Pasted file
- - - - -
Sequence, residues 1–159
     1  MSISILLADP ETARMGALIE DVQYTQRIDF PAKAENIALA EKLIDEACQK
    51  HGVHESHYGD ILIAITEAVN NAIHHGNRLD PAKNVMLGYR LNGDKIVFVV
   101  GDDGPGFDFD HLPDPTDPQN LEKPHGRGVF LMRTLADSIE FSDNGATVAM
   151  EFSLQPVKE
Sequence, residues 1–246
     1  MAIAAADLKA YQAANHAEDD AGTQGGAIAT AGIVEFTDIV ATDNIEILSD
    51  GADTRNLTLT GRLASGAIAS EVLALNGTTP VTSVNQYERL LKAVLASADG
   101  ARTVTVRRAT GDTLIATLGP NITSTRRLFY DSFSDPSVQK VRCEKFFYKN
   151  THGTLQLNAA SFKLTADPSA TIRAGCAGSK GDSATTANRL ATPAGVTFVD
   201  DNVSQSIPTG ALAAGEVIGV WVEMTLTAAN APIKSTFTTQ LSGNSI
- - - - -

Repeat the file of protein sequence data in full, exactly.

Sequence, residues 1–159
     1  MSISILLADP ETARMGALIE DVQYTQRIDF PAKAENIALA EKLIDEACQK
    51  HGVHESHYGD ILIAITEAVN NAIHHGNRLD PAKNVMLGYR LNGDKIVFVV
   101  GDDGPGFDFD HLPDPTDPQN LEKPHGRGVF LMRTLADSIE FSDNGATVAM
   151  EFSLQPVKE
Sequence, residues 1–246
     1  MAIAAADLKA YQAANHAEDD AGTQGGAIAT AGIVEFTDIV ATDNIEILSD
    51  GADTRNLTLT GRLASGAIAS EVLALNGTTP VTSVNQYERL LKAVLASADG
   101  ARTVTVRRAT GDTLIATLGP NITSTRRLFY DSFSDPSVQK VRCEKFFYKN
   151  THGTLQLNAA SFKLTADPSA TIRAGCAGSK GDSATTANRL ATPAGVTFVD
   201  DNVSQSIPTG ALAAGEVIGV WVEMTLTAAN APIKSTFTTQ LSGNSI